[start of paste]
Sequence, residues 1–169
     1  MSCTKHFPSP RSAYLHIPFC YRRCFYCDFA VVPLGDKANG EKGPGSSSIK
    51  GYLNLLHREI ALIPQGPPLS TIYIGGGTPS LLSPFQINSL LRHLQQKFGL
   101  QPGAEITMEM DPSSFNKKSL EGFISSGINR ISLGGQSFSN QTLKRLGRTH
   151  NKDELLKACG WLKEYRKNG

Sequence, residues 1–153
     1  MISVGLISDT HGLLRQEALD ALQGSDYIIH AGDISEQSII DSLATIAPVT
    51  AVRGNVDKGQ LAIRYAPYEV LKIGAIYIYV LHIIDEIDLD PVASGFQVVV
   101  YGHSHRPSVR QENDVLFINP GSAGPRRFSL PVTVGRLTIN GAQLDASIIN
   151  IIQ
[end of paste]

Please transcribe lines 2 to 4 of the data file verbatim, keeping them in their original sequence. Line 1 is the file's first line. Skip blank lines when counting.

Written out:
     1  MSCTKHFPSP RSAYLHIPFC YRRCFYCDFA VVPLGDKANG EKGPGSSSIK
    51  GYLNLLHREI ALIPQGPPLS TIYIGGGTPS LLSPFQINSL LRHLQQKFGL
   101  QPGAEITMEM DPSSFNKKSL EGFISSGINR ISLGGQSFSN QTLKRLGRTH